One citation: The Development of Flutes in Europe and Asia

[Harding 1999] A. F. Harding (editor). Experiment and Design. Archaeological Studies in Honour of John Coles, published by Oxbow Books, Oxford, England, 1999, ISBN-13 978-1-900188-76-0 Search Google Scholar Flutopedia format citation APA format citation Chicago format citation MLA format citation Wikipedia format citation

[Harrington 1933] Mark Raymond Harrington. Gypsum Cave, Nevada — Report of the Second Sessions Expedition, Southwest Museum Papers, Number 8, published by Southwest Museum, Highland Park, Los Angeles, April 1933, 197 pages, softcover. Reissued in [Harrington 1963]. Search Google Scholar Flutopedia format citation APA format citation Chicago format citation MLA format citation Wikipedia format citation

Five citations: The Development of Flutes in North America (5)

[Harrington 1963] Mark Raymond Harrington. Gypsum Cave, Nevada — Report of the Second Sessions Expedition, Southwest Museum Papers, Number 8, published by Southwest Museum, Highland Park, Los Angeles, 1963, 197 pages, ISBN 0-916561-23-2 (978-0-916561-23-9), ASIN 0916561232, softcover. Reissue of [Harrington 1933]. Search Google Scholar Flutopedia format citation APA format citation Chicago format citation MLA format citation Wikipedia format citation

[Haury 1940] Emil W. Haury. Excavations in the Forestdale Valley, East-Central Arizona, University of Arizona Bulletin, Volume 11, Number 4, Tuscon, Arizona, 1940, 147 pages, 12 plates, 44 figures, 3 maps, ASIN B0007G3OHS. With appendix, the skeletal remains of the Bear Ruin, Norman E. Gabel. Search Google Scholar Flutopedia format citation APA format citation Chicago format citation MLA format citation Wikipedia format citation

One citation: The Development of Flutes in North America

[Hausler 1960] Alexander Häusler. “Neue Funde steinzeitlicher Musikinstrumente in Osteuropa «New finds of Stone Age Musical Instruments in Eastern Europe»”, Acta Musicologica, Volume 32, Fasc. 2/3, published by the International Musicological Society, in German, April–September 1960, pages 151–155. Publication 931665 on JSTOR (subscription access). Search Google Scholar Flutopedia format citation APA format citation Chicago format citation MLA format citation Wikipedia format citation

Introduction: Prähistorische Musikinstrumente sind wichtige kulturgeschichtliche Zeugnisse. Die ältesten Beispiele verdienen eine ganz besondere Beachtung, da aus den weit zuruckliegenden Perioden menschlicher Entwicklung nur ein geringes Quellenmaterial vorliegt.
Translation: Prehistoric music instruments are important to cultural history. The oldest examples deserve special attention, dating as far back to early in the periods of human development, present a low quality of source material.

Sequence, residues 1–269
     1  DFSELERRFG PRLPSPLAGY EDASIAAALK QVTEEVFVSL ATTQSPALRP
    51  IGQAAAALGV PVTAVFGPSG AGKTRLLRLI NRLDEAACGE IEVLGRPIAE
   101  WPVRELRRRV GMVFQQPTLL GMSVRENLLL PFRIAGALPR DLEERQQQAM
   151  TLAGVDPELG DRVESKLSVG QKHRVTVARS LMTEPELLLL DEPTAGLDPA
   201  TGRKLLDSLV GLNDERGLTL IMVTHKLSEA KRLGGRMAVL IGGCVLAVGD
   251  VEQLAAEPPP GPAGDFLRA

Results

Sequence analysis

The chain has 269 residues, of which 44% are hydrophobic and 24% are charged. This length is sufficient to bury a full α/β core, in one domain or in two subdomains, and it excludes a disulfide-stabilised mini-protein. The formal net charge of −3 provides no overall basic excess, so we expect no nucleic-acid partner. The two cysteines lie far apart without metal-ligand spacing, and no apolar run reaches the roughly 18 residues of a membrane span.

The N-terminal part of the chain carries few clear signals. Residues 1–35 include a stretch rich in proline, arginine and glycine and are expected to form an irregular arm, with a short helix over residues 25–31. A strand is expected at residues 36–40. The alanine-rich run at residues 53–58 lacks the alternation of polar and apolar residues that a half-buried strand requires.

[Hays 2011] Jeffrey Hays. Jiahu Culture and the First Rice, Wine and Flutes in China, Updated February 2011, retrieved October 4, 2011. Original copyright 2008. Jiahu Culture and the First Rice, Wine and Flutes in China Search Google Scholar Flutopedia format citation APA format citation Chicago format citation MLA format citation Wikipedia format citation

[Hays-Gilpin 1998] Kelley Hays-Gilpin, Ann Cordy Deegan, and Elizabeth Ann Morris. Prehistoric Sandals from Northeastern Arizona: The Earl H. Morris and Ann Axtell Morris Research, Anthropological Papers of the University of Arizona, paper #62, published by the University of Arizona Press, Tuscon, Arizona, 1998, 150 pages, ISBN 0-8165-1801-7 (978-0-8165-1801-2). Search Google Scholar Flutopedia format citation APA format citation Chicago format citation MLA format citation Wikipedia format citation

One citation: Anasazi Flutes from the Broken Flute Cave

Publisher's description: During the late 1920s and early 1930s, archaeologists Earl and Ann Axtell Morris discovered an abundance of sandals from the Basketmaker II and III through Pueblo III periods while excavating rockshelters in northeastern Arizona. These densely twined sandals made of yucca yarn were intricately crafted and elaborately decorated, and Earl Morris spent the next 25 years overseeing their analysis, description, and illustration. This is the first full published report on this unusual find, which remains one of the largest collections of sandals in Southwestern archaeology. This monograph offers an integrated archaeological and technical study of the footwear, providing for the first time a full-scale analysis of the complicated weave structures they represent. Following an account by anthropologist Elizabeth Ann Morris of her parents' research, textile authority Ann Cordy Deegan gives an overview of prehistoric Puebloan sandal types and of twined sandal construction techniques, revealing the subtleties distinguishing Basketmaker sandals of different time periods. Anthropologist Kelley Ann Hays-Gilpin then discusses the decoration of twined sandals and speculates on the purpose of such embellishment.